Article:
5.2 Using a Card
5.2.1 Banks will inform cardholders that transactions initiated by cards are like cash transactions and cannot be subsequently stopped by the cardholder.
5.2.2 Banks will also inform cardholders of the risk involved if they should authorise card transactions in advance against subsequent charges for the purchase of goods or services.
5.2.3 At a time of an electronic card transaction through an electronic network such as an ATM or EFTPOS, where a printed transaction record is offered or produced it will include:
(i) the amount of the transaction;
(ii) the date and, if practicable, the time of the transaction;
(iii) the type of the transaction, for example, deposit, withdrawal, transfer, EFTPOS payment;
(iv) non-specific information to enable the cardholder but no authorized person to identify the account(s) being debited and/or credited;
(v) data that enables the card issuer to identify the cardholder and the transaction;
(vi) a name, number or code that enables the location where the transaction was made to be identified;
(vii) where relevant, the name of the person or account to whom the payment or deposit was made; and
(viii) in the case of accounts accessed at an ATM, the balance of the account where possible.
5.3 Security if Cards/Pins
5.3.1 When a PIN is issued or selected, banks will inform customers that a PIN is unique to them, and if written down is capable of being lost or stolen. A lost or stolen card with a PIN, may therefore be used by another person for an unauthorised transaction which may result in loss to the customer.
5.3.2 Banks will inform cardholders of the importance of and their responsibility for safeguarding their card and for committing their PIN to memory. Warning will also be given against:
(i) keeping any record of the PIN;
(ii) writing the PIN on the card or anywhere else;
(iii) disclosing the PIN to any other person, including family or those in apparent authority (including bank staff); and
(iv) negligent or reckless disclosure of the PIN by, for example, failing to take reasonable care in keying-in the PIN at a terminal to prevent another person from identifying the PIN.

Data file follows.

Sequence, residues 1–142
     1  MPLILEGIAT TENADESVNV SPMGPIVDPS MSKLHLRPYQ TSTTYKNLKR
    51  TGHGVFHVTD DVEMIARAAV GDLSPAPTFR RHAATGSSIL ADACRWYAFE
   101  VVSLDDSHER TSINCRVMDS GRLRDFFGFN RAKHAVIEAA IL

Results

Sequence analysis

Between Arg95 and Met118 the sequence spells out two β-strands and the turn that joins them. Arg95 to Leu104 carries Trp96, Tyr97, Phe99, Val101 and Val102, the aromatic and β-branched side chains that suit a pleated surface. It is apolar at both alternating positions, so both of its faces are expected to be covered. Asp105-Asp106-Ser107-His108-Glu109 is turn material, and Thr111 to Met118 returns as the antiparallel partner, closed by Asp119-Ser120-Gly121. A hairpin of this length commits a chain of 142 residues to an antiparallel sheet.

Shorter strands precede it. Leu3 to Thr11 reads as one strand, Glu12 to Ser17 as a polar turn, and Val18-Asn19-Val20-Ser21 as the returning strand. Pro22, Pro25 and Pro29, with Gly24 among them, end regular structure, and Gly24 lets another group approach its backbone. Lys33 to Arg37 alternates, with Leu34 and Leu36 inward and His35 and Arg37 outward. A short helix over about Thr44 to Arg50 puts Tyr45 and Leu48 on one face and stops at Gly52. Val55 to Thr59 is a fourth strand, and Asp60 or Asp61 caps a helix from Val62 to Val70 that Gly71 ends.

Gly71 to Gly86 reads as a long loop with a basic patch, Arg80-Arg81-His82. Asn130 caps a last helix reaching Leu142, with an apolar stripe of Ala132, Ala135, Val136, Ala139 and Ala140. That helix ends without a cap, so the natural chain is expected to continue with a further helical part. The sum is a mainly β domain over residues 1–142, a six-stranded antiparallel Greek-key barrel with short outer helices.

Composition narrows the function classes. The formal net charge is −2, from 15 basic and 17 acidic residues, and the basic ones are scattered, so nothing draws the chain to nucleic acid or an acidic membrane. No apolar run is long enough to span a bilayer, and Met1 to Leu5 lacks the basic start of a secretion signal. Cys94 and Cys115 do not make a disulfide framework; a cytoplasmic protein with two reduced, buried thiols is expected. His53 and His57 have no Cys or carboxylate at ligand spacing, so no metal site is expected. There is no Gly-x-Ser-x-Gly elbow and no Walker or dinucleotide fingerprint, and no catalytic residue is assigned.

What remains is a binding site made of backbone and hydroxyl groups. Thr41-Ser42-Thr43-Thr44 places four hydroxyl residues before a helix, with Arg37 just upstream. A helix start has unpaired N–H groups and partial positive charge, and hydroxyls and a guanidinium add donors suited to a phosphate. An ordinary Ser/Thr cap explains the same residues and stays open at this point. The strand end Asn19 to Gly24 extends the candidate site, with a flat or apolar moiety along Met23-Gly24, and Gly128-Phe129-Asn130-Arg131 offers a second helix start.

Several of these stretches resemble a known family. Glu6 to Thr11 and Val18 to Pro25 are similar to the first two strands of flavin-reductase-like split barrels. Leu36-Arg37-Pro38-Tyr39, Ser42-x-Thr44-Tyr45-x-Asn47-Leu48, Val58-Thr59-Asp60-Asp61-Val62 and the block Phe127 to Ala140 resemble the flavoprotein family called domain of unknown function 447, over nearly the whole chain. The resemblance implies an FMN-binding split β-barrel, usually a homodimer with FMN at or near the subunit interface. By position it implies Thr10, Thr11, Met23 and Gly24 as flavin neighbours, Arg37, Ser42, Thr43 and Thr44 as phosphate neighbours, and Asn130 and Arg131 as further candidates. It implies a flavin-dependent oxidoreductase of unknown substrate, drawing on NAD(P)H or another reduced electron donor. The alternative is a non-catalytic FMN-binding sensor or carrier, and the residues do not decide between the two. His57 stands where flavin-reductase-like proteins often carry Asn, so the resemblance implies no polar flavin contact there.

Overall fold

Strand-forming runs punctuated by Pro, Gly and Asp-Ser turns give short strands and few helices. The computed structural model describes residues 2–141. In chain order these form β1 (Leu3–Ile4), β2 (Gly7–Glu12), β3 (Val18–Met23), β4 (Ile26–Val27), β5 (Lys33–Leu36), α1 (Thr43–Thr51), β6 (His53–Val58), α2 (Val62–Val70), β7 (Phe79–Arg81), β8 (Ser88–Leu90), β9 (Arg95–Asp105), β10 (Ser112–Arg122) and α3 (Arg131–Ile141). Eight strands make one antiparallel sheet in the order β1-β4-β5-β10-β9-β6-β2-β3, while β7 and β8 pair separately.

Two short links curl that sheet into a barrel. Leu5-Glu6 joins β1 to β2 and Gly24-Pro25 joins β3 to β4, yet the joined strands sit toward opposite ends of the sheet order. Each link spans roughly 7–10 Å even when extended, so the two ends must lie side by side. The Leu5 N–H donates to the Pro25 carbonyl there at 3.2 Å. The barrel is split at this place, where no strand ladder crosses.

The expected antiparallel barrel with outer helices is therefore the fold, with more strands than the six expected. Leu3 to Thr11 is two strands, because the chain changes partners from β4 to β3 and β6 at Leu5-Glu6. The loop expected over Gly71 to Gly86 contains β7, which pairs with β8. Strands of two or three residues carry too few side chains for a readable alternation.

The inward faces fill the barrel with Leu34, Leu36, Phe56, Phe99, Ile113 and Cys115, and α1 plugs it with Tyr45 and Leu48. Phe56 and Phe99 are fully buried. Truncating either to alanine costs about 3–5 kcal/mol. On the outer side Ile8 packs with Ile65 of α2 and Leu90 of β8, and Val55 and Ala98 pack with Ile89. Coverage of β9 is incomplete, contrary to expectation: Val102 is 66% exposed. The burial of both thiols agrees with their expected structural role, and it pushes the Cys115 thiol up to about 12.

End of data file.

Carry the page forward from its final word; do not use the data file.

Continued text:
5.3.3 Where cardholders are able to select their own PINs, banks will, prior to selection of a PIN, recommend that cardholders do not use combinations such as birth dates, sequential numbers (e.g. 3456), any part of a personal telephone number, or other easily accessible personal data.
5.3.4 Banks will conform to all accepted standards for the methods of generation, storage and terminal security for the use of PINs.
5.4 Loss or theft
5.4.1 Customers are responsible for advising their bank of a lost or stolen card, the unauthorised use of a card, or the actual or possible disclosure to another person of their PIN as soon as this becomes known to the customer. Banks will log such reports by customers so that there is a record of when notification was made.
5.4.2 Banks will provide telephone numbers by which customers can notify a lost or stolen card, unauthorised use of card, or disclosure of their PIN as soon as this becomes known.
5.4.3 Banks will advise cardholders proposing to use their cards overseas of the procedures to be used to report lost or stolen cards or disputed transactions.
5.5 Cardholder Liability
5.5.1 A cardholder has no liability for loss from:
(i) fraudulent or negligent conduct by employees or agents of the card issuer or parties involved in a network arrangement or of their agents or employees;
(ii) faults which have occurred in the machines, cards or systems used unless the fault was obvious or advised by message or notice on display;
(iii) unauthorised transactions occurring before the cardholder has received their card and/or PIN (see paragraph 5.1.3); and
(iv) any other unauthorised transactions where it is clear that the cardholder could not have contributed to such losses.
5.5.2 A cardholder is liable for all loss if they have acted fraudulently either alone or together with other persons.
5.5.3 A cardholder may be liable for some or all loss if they have contributed to that loss from unauthorised transactions by:
(i) selecting an insecure PIN;
(ii) failing to reasonably safeguard their card;
(iii) keeping a written record of their PIN;